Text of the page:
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Expect less from financial markets, participants say at panel discussion. Instead, investors urged to consider non-traditional assets such as private equity in companies, private debt and real estate debt

Third from left, Robert Janson, president and chief investment officer of Westcourt Capital, speaks about where markets are headed and how investors should respond at the Investor Intelligence event at The Globe and Mail on Nov. 14.Glenn Lowson/The Globe and Mail

For investors in Canada, non-traditional investments could increasingly become traditional.

While stocks and bonds will remain the core of an untold number of Canadian portfolios, strategists say that stagnant economic growth, fears about global debt and the jittery effects those continue to have on the stock and bond markets make other kinds of investments all the more attractive. This was the glaring take-home theme from a panel discussion at The Globe and Mail’s Toronto office recently on how to approach current market conditions.

Robert Janson, president and chief investment officer of Westcourt Capital, is among those Bay Street strategists questioning the orthodox mindset of relying on stocks and bonds and the typical skittishness toward non-traditional assets, such as buying private equity in companies, private debt and real estate debt.

“There are so many other things out there that can be put into one’s portfolio,” Mr. Janson said, whether the investor is a beginner or a seasoned veteran, an individual or an institution. “I’m not sure why, in this country, everyone is so focused on stocks and bonds. There are more arrows that can be placed in your quiver.”

Individual investors can even take a cue from the most mammoth of institutional investment funds, he said. “CPPIB [the Canadian Pension Plan Investment Board] is the biggest alternative investor in the world. And yet, you can go into their annual report and recognize, ‘What is their exposure to the TSX [the Toronto Stock Exchange]?’ It’s minimal."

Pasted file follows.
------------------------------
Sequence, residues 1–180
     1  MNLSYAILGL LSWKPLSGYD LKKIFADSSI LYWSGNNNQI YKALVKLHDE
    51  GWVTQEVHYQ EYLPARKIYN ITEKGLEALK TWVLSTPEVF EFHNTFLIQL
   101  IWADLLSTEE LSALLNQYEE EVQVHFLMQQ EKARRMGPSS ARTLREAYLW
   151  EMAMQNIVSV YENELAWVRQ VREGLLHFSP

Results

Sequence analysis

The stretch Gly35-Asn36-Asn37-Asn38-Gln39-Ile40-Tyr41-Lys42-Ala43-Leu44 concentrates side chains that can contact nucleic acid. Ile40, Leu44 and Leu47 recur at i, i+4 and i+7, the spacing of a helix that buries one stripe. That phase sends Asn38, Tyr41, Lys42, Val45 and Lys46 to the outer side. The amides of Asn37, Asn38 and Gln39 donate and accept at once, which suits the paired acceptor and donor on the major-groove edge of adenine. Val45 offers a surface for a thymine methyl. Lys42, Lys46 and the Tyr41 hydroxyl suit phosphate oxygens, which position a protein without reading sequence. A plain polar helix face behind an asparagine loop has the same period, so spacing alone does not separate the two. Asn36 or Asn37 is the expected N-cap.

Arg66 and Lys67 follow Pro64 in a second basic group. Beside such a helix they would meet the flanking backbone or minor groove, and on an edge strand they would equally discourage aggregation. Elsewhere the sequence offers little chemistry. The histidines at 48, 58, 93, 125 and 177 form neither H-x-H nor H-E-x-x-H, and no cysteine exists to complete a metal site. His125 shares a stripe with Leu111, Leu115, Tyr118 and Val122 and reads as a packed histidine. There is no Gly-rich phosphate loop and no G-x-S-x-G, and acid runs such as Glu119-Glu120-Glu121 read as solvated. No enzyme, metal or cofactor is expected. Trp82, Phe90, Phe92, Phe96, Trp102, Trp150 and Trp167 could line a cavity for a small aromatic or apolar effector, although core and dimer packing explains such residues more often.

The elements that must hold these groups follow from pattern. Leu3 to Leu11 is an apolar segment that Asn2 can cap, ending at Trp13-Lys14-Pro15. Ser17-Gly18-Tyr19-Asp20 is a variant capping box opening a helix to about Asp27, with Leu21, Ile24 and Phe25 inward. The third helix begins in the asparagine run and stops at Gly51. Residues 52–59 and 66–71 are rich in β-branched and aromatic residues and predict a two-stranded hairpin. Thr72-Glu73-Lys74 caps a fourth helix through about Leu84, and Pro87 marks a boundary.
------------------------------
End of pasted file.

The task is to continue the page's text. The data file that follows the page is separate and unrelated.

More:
He added: “Why can’t you replicate in your own portfolio a little bit of what CPPIB is doing? I mean, you can’t go and buy a toll road in New Zealand. But again, you can have a philosophy that’s adapted from some of the biggest investors in the world."

Of course the problem, beyond finding an advisor interested in such out-of-the-box thinking, is the degree of risk involved.

“You have to be careful, because the average person might not understand the risks,” said Jeet Dhillon, portfolio manager at TD Wealth Private Investment Counsel. “The way to look at it is, you have a core portfolio of your good-quality stocks and good-quality bonds, but then you have a satellite approach.” This would include other, alternative assets adding diversity to a portfolio otherwise full of stocks and bonds.

All of this may seem outside the scope of an individual investor, but the consensus on the panel was that investors at least should ask their advisors about other asset classes – not just remain complacent about stocks and bonds. It also means being open to a more proactive approach, including other asset classes, because global economic growth and the markets aren’t expected to improve as much as they have in the past.

“What’s worked for us in the last three or four decades, going forward, it is a different landscape. And you do need to look beyond the traditional asset classes, and also look beyond Canada,” Ms. Dhillon said.

Although the logic is sound, it runs counter to the stay-the-course mentality typically espoused by countless investment advisors. The panel indicated that traditional thinking isn’t enough.

Kurt Reiman, managing director and chief investment strategist for Canada at BlackRock, noted that another alternative can be found in emerging-market countries, which are compelling again, particularly for investors who find themselves overexposed to North American stocks without enough diversity globally to ride out the downturn whenever it inevitably comes.

Yet, when he suggests investing in emerging markets "a lot of people will look at me and say, ‘Not for me,’ ” he said. But emerging-market investments are providing returns rivalling those from developed economies, but are priced at dramatic discounts of about 40 per cent, he said. “That seems to me to be interesting,” he added, despite the risk.

On the defensive side, cash – which would otherwise be used to ride out a market downturn – could be put instead into government bonds, which can help investors compensate for inflation. “What it does is that it gets you out of cash. It doesn’t solve all your problems for how you’re going to save for retirement, or pay for a second home or who knows [what]," Mr. Reiman said.

And some defensiveness is needed, he said. “I think, over the long term, as we’ve been talking about, expect less from financial market returns. Why? Because the underlying growth rates will be slower, because the debt burden is there.” And because of this sluggishness, what will ultimately die away is the notion of passive investing, such as relying on exchange-traded funds [ETF] and other indexed funds, he argued. “The idea that everything should be in an ETF, because they’re cheap, is false,” he said.

In short, a rethinking toward investing is happening among some on Bay Street. “Where I see the risk is in people being complacent,” added Dorothy-Anna Orser, portfolio manager and senior investment advisor at Echelon Wealth Partners. It was the point that got the rest of the panel nodding in agreement. It means not simply following old rules, but questioning the orthodoxy.

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